Spinal Decompression Treatment involves stretching out the spinal column using motorized traction or decompression table that pulls compressed vertebrae back to their normal position to relieve back and/or leg pain. This procedure is nonsurgical decompression therapy, not the same as surgical spinal decompression, such as laminectomy and microdiscectomy. Both treatments relieve pain and promote optimal healing for bulging, degenerating, or herniated discs.
Decompression therapy uses the same principle of spinal adjustments offered by chiropractors, physiotherapists, and osteopaths. Spinal decompression helps to promote retraction or repositioning of herniated or bulging disc material and lowers disc pressure to engage the body’s natural healing process.
Nonsurgical spinal decompression helps to treat:
The spine makes sure that the body is not falling apart as it is the body’s central support structure. Research studies have shown that as part of the musculoskeletal system since the spine is connected to different parts of the muscle tissues that make sure that the body is moving. The spine’s primary function is to help the body sit, stand, walk, twist, and bend as it is in motion. A healthy spine will have these natural curves that will absorb shocks that the body encounters and protect the spine itself from injury in an S-shaped curve. Other research studies have shown that the spine comprises bone, cartilage, ligaments, nerves, and muscles that play an integral role in how the spine is formed and how it functions. The many different parts that make up the spine include:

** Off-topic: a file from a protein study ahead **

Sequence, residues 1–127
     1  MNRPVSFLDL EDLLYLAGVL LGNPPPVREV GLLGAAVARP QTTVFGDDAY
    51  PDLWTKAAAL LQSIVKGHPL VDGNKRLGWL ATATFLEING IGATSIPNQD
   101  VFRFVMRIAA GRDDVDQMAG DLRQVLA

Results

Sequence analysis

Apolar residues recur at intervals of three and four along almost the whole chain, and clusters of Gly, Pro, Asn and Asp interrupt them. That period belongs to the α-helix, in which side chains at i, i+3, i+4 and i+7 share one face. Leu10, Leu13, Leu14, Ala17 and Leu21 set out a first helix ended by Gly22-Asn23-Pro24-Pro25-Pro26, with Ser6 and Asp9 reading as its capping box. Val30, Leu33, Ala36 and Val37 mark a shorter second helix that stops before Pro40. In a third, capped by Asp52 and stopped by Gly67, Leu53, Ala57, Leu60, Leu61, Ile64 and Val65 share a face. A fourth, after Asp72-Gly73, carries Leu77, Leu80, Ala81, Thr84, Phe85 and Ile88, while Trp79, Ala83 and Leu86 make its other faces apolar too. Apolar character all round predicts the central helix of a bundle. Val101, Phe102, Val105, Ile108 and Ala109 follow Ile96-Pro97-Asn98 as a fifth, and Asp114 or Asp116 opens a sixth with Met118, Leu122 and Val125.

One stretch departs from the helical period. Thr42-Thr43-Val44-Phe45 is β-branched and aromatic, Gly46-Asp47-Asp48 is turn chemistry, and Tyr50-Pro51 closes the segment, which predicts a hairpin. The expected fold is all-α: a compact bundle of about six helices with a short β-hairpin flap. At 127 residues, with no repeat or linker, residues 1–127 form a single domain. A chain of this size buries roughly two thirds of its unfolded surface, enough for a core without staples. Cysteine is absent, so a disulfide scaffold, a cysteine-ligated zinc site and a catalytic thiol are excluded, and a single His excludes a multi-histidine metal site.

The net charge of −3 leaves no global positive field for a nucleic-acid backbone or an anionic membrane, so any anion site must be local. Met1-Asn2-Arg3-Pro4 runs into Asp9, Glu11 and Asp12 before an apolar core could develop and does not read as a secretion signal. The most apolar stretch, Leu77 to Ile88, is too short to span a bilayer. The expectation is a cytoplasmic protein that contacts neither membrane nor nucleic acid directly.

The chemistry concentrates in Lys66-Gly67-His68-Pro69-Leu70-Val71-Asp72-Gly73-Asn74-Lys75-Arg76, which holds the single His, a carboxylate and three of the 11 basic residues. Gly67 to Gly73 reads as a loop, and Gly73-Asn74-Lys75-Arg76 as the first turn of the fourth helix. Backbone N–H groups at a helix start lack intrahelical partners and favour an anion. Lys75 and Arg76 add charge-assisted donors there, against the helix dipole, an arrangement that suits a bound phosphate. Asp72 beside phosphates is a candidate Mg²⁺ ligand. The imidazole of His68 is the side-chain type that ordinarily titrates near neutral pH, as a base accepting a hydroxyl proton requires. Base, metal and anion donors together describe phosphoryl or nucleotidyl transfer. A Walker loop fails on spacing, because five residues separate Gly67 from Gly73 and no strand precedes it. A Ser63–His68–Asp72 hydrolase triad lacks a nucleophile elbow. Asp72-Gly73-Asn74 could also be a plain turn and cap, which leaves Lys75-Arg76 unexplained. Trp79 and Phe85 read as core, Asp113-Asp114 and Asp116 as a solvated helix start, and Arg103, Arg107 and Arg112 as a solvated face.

When back pain or spinal injury starts to affect the back and the spine, many back issues will begin to affect the spinal health over time. This is due to the spine’s vertebrae and disks wearing down due to age, and that can cause the individual pain. There are ways to lessen the pain from the spine, and that is through spinal decompression therapy.
Spinal decompression is a mechanized version of a chiropractic adjustment. By gently stretching and moving the spine, the vertebrae have proper alignment restored, restoring range of motion, decreasing or eliminating pain, and improving mobility and function.
The spine takes a considerable toll from all the physical activity or lack of activity, leading to spinal compression, drying out and wearing down the spinal discs, and degeneration.
Ask a doctor, spine specialist, or chiropractor whether or not the criteria are met for nonsurgical spinal decompression. Individuals with any of these conditions should not undergo decompression treatment. These include:
American Spinal Decompression Association: “Spinal Decompression Therapy.”
Daniel DM. Nonsurgical spinal decompression therapy: Does the scientific literature support efficacy claims made in the advertising media? Chiropractic & Osteopathy 15:7, May 18, 2007.
Ramos G, Martin W. Effects of vertebral axial decompression on intradiscal pressure. Journal of Neurosurgery 81:350-353, 1994.
Wang G. Powered traction devices for intervertebral decompression: Health technology assessment update. Washington Department of Labor and Industries, June 14, 2004.
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